The Senate is careening toward a 'nuclear' fight

Neil gorsuchChip Somodevilla/Getty ImagesNeil Gorsuch testifying in front of Congress.

Judge Neil Gorsuch’s nomination faces a key test this week that could put him on the bench or, in an unlikely scenario, force President Donald Trump to withdraw the judge’s nomination.

The Senate Judiciary Committee is set to move the judge’s nomination forward on Monday, setting the stage for a showdown that many observers expect will result in the elimination of the filibuster for Supreme Court nominations.

Three Democrats up for reelection in 2018 have promised to vote for Gorsuch’s confirmation. And on Monday, Democratic Sen. Michael Bennet of Colorado also said he would oppose a filibuster. But Senate Minority Leader Chuck Schumer has predicted that the judge will not hit the 60-vote threshold needed to overcome a filibuster.

If Democrats attempt to block Gorsuch’s nomination using the filibuster, Senate Majority Leader Mitch McConnell is expected to invoked the “nuclear” option, eliminating it altogether for Supreme Court nominees.

Speaking to “Meet The Press” on Sunday, McConnell pointed to former Senate Majority Leader Harry Reid’s 2013 elimination of the filibuster for most presidential nominations in the face of Republican opposition to President Barack Obama’s selections.

“What I can tell you is that Neil Gorsuch will be confirmed this week,” McConnell said. “How that happens really depends on our Democratic friends, how many of them are willing to oppose cloture on a partisan basis to kill a Supreme Court nominee, never happened before in history, the whole history of the country.”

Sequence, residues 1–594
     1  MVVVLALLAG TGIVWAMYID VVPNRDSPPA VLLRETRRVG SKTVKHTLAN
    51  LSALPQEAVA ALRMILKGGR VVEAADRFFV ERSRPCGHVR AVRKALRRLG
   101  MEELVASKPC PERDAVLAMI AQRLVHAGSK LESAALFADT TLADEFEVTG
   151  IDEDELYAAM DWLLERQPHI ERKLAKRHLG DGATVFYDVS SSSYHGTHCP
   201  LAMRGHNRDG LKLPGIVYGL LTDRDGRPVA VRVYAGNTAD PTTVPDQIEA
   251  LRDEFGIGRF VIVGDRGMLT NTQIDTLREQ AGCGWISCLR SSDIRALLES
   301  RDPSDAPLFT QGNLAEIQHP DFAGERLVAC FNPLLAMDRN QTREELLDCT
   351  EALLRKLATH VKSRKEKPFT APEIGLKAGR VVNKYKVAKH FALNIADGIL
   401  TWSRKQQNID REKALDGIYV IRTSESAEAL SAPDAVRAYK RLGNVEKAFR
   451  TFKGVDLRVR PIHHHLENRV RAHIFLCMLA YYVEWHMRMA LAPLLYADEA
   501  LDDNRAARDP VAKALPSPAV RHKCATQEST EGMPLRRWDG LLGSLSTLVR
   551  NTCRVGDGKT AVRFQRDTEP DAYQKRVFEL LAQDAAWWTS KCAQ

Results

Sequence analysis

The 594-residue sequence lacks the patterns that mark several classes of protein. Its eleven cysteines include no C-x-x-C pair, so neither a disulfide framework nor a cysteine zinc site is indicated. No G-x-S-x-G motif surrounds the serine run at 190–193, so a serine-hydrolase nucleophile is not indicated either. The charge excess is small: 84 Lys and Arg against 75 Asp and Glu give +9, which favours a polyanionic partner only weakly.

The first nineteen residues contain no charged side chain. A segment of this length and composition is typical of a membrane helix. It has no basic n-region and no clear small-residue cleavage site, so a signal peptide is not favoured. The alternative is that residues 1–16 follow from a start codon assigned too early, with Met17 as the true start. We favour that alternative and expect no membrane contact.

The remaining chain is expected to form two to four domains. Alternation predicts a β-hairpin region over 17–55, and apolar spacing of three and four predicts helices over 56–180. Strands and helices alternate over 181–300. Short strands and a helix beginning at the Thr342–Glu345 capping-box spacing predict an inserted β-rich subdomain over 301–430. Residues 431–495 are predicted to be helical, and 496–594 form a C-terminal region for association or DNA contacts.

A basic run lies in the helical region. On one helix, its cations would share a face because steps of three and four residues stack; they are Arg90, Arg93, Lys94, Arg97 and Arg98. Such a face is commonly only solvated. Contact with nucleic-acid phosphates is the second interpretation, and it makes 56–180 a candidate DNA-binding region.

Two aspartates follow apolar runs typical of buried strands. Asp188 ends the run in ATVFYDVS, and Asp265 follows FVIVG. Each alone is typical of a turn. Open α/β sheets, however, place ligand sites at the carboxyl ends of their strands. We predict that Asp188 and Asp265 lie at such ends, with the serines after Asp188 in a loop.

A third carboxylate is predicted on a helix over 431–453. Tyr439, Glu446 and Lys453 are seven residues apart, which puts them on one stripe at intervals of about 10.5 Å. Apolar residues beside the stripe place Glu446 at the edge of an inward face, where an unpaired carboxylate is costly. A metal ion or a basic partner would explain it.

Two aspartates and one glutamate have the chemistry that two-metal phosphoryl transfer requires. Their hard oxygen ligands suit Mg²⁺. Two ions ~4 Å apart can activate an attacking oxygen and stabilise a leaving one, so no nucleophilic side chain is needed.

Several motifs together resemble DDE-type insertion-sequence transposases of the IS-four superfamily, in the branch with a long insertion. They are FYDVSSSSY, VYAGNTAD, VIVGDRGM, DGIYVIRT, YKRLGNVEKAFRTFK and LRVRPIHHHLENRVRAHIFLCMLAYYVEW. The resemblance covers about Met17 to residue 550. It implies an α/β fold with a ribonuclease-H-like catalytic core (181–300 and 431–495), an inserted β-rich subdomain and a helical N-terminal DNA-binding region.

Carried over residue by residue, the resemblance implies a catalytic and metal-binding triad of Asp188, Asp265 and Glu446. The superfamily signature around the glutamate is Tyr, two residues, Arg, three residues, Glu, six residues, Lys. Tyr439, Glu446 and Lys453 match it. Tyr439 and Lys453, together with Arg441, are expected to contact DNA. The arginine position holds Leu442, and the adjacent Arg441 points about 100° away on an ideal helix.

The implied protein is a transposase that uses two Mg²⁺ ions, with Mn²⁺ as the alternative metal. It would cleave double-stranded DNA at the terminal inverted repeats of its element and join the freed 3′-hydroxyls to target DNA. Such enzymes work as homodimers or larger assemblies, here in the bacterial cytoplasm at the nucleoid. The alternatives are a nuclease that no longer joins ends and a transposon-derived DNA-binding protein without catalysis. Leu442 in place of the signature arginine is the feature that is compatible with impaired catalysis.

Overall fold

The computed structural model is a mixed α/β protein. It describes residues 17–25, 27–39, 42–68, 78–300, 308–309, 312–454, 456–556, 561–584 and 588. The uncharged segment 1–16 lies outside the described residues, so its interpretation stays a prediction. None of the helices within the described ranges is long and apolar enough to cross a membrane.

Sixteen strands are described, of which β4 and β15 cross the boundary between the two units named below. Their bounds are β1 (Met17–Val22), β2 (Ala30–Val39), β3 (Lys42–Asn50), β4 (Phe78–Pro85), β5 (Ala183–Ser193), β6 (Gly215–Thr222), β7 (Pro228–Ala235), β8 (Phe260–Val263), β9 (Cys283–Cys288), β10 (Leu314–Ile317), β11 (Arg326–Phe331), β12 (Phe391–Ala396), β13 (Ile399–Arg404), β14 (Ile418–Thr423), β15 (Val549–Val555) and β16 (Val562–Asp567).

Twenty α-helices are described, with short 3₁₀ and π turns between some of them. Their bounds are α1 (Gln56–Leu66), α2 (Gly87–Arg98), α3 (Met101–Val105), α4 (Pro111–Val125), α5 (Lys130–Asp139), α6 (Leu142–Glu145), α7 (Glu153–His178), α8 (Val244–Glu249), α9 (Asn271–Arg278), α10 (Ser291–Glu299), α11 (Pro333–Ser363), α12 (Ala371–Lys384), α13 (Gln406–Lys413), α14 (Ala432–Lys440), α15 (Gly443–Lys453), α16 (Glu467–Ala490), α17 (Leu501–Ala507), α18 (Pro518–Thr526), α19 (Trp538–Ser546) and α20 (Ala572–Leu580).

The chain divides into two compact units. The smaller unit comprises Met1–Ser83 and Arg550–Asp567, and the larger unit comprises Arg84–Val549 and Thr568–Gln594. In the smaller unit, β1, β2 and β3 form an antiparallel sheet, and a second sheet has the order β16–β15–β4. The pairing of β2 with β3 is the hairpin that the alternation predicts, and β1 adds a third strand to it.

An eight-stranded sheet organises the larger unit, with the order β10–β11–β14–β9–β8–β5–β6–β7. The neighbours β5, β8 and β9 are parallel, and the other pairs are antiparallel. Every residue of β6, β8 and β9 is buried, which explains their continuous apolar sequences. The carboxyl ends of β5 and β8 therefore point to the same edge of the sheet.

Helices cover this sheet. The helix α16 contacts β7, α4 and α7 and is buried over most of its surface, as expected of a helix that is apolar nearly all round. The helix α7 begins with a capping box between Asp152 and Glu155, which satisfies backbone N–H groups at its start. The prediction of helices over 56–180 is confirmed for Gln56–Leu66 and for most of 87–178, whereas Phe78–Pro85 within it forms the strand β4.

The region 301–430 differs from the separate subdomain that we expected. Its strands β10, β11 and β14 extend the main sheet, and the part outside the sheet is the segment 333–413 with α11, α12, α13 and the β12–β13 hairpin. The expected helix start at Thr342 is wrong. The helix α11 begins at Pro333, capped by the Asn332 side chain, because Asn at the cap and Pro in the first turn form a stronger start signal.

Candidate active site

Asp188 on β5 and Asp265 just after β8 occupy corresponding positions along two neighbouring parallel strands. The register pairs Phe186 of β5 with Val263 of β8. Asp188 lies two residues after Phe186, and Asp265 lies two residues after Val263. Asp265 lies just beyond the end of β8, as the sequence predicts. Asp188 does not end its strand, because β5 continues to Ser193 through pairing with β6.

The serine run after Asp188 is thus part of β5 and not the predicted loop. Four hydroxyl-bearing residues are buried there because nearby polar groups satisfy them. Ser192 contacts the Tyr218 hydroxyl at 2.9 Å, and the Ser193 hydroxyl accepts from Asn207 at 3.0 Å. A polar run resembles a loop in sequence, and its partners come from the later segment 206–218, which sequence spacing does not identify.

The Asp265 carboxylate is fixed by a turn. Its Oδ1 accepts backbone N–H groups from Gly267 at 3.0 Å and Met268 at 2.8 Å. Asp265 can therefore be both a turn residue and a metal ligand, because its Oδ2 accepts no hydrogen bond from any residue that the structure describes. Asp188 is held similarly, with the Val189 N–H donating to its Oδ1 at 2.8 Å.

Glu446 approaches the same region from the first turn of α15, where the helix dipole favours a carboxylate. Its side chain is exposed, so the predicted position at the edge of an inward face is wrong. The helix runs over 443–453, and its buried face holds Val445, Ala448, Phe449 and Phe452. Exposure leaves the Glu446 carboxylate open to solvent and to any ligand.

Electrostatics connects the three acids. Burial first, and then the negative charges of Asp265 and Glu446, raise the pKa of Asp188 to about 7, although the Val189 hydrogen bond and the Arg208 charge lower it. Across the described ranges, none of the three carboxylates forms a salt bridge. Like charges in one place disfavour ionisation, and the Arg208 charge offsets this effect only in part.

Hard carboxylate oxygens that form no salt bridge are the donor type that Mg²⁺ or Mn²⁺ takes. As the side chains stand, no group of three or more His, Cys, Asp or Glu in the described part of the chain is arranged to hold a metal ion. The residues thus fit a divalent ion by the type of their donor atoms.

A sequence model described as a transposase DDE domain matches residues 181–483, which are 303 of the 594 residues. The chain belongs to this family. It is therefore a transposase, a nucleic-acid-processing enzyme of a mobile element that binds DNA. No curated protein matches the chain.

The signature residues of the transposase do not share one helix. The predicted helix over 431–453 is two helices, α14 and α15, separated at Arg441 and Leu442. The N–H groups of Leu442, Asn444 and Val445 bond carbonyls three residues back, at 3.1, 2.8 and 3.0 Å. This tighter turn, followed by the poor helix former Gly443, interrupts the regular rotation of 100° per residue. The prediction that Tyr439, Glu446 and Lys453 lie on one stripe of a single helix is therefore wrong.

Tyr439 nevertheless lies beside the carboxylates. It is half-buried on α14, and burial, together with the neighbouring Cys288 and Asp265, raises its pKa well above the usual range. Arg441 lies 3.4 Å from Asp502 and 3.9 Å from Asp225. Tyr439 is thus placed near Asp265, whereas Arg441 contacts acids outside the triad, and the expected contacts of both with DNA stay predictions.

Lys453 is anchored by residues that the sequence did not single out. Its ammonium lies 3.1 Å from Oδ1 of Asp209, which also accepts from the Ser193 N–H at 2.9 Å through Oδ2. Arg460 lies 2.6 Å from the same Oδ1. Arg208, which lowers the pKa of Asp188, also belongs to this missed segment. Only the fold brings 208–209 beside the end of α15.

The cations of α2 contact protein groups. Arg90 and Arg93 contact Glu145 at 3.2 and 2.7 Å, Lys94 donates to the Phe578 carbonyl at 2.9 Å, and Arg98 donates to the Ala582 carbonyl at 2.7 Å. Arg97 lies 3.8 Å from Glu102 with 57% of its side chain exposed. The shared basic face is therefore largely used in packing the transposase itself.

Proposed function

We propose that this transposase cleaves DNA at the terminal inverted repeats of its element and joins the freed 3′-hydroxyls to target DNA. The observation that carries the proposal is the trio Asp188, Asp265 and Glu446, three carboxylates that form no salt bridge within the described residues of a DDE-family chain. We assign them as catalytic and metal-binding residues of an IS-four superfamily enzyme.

Speaking to “Meet The Press” just minutes later, Senate Minority Leader Chuck Schumer accused McConnell of breaking precedent, saying Republicans refused to hold a vote to confirm Judge Merrick Garland, who many Republican lawmakers previously praised. Obama nominated Garland to the court in early 2016 after the death of Justice Antonin Scalia.

Schumer also urged McConnell to uphold the filibuster and find a more centrist nominee that could appeal to lawmakers from both parties.

“Instead of changing the rules, which is up to Mitch McConnell and the Republican majority, why doesn’t President Trump, Democrats, and Republicans in the Senate, sit down, and try to come up with a mainstream nominee?” Schumer said. “Look, when a nominee doesn’t get 60 votes, you shouldn’t change the rules, you should change the nominee.”

Some Democratic lawmakers have conceded that Gorsuch is qualified to serve on the court. But they have felt increasing pressure from progressive activists to oppose his nomination because of his conservative rulings on key issues like businesses’ religious freedom and executive authority.

Pro-choice groups like NARAL have aggressively opposed Gorsuch’s nomination, vowing not to endorse any Democrat who votes to confirm the judge.

Many of the same activists have attempted to voice their displeasure in front of conservative lawmakers.

“I’m going to vote for Judge Gorsuch, I think he’s a highly qualified man,” Sen. Lindsey Graham said at a town hall, eliciting a chorus of boos. “I will vote for him because I think of a better person a Republican could’ve chosen.”

When an audience member shouted Garland’s name, the senator quipped: “When I hear a Democrat complain about Merrick Garland, it’s almost like an arsonist complaining about a fire.”

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